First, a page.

March 2018
The Children_s Trust Parenting Our Children Newsletter Header
Girl eating strawberries
Eat Better, Feel Better, Live Better!
Hop on the get-healthy bandwagon
Written by Beryl Meyer

It's National Nutrition Month, a great time to revisit what's on the menu at home and make simple adjustments to ensure that everyone's eating for their very good health. Even when you're squeezed for time, healthy fare is possible, and making informed choices can help protect your family from packing on the pounds and reduce their risk of disease, including diabetes and high cholesterol. Here's how:

Change Your Mind(Set)
Instead of thinking about your choices as either "good" or "bad," think "nutrient-rich," advises the Academy of Nutrition and Dietetics (formerly the American Dietetic Association). Foods dense in vitamins, minerals, fiber and other nutrients are typically lower in calories, bad fats and sugars. Fruits, vegetables, whole grains and low-fat or fat-free milk and dairy products, as well as lean meats, poultry, fish, beans, eggs and nuts top the recommended list of the Dietary Guidelines for Americans.   Read More

Photo:  Monkey Business Images/Monkey Business/Thinkstock
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Raising Practical, Positive Kids 
Encourage Them to See That the Glass is Always Half Full!
Written by Laura Markham, Ph.D.

The world needs optimists, now more than ever. Optimism, or the conviction that things will work out in the end, is a cornerstone of resilience and an asset in achieving any kind of success. In fact, research shows that optimists - simply by believing that they can reach their goals - are in fact more likely to do so. They're also less likely to get depressed, contract fewer illnesses, have longer relationships and live longer. 

Evidence indicates that optimism is an inherited trait, and it's known that just as there is a biological basis to depression, there are those who possess an innate tendency to be upbeat. But when it comes to determining whether optimists are born or made, the great news is, it's both.   Read More
Photo: matthewennisphotography/iStock/Thinkstock
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From Naysayer to "No Problem!"
Written by 
Beryl Meyer

Role modeling techniques and go-to resources can help parents transform little pessimists into bright-eyed optimists. "Children mimic their parents' emotions as early as six days old; it's one of the primary ways they learn and grow," says Christine Carter, Ph.D., author of  Raising Happiness: 10 Simple Steps for More Joyful Kids and Happier Parents. "This is why parents who explain things optimistically tend to have kids who mimic their explanatory styles." To help foster a more hopeful attitude in your child, follow Carter's simple strategies:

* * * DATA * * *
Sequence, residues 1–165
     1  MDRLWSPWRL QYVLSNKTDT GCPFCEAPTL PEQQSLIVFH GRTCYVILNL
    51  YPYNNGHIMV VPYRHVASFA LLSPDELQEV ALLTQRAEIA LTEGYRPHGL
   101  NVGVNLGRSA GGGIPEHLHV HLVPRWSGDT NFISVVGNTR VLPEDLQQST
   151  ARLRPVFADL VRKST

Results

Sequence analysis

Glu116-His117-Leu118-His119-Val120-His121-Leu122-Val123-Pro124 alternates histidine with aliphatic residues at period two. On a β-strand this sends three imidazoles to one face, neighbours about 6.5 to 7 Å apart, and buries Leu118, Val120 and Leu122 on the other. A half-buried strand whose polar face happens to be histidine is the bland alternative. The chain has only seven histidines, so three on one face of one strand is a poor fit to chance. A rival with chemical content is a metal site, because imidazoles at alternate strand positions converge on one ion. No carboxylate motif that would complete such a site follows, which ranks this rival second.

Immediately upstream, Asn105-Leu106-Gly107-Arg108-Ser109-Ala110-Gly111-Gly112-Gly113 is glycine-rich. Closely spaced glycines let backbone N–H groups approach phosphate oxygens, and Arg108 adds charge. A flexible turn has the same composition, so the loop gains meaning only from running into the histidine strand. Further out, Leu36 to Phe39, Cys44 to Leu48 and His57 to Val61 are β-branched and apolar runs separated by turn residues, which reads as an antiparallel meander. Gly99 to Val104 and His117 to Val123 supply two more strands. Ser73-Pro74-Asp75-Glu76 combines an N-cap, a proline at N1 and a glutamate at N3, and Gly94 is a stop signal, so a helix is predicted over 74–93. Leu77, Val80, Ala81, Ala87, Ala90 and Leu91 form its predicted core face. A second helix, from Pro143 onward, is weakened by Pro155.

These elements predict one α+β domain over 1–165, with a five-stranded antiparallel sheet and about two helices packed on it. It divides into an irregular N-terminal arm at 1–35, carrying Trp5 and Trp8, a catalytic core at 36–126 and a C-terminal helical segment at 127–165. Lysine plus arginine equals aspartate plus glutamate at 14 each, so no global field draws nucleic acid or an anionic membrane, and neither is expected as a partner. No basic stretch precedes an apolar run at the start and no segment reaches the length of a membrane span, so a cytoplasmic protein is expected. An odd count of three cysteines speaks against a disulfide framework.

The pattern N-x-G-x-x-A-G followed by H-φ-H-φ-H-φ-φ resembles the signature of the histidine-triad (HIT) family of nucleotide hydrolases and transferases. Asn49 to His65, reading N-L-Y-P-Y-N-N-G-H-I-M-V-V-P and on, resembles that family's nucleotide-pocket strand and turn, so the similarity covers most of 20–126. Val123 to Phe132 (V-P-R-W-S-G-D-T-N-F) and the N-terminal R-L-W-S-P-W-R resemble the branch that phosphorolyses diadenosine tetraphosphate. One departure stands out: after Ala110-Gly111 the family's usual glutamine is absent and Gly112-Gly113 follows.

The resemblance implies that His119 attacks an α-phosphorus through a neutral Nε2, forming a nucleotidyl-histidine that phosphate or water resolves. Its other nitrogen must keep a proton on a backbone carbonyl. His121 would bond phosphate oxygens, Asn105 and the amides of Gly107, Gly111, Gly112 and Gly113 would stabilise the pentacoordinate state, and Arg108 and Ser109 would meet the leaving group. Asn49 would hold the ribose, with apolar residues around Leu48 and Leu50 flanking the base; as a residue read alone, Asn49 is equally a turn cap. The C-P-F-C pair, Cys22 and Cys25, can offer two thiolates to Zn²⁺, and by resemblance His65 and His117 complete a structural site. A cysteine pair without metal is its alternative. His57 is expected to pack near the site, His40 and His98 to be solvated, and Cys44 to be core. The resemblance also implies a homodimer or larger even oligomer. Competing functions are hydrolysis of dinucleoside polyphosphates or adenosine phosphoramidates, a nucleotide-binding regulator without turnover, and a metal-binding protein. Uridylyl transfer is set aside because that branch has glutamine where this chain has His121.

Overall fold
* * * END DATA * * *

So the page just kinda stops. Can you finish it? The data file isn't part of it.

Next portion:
Be open with affection. According to researchers at the University of Pennsylvania, children with demonstrative, caring parents are more hopeful, notes Carter. "Parental affection and care is - no surprises here - essential for kids to develop trust in the world. When kids have a secure base in their parents, they tend to believe the world is a good place."    Read More

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Boy helps with laundry duty
Create Clutter-Free Kids
Stop messes where they stand!
Written by Beryl Meyer

Organizing your home can take a village of helpers, and putting your kids in charge of their rooms is the perfect place to start. With order comes a great lesson in valuing what's important - and letting go of what's not.

Set Limits
Professional organizer (and Oprah Winfrey favorite!) Peter Walsh believes that limits and routines are fundamental building blocks that enable children to grow into adults who are accountable, considerate and caring. 

So when the toy box starts to overflow and the bookshelves are becoming jam-packed, that's the perfect time to pare down. Help your child figure out just how much space they have for the things they love, and begin to weed out those items that have lost their appeal into two piles, one for donating and one for discarding.   Read More

Photo: Monkey Business Images/Monkey Business/Thinkstock
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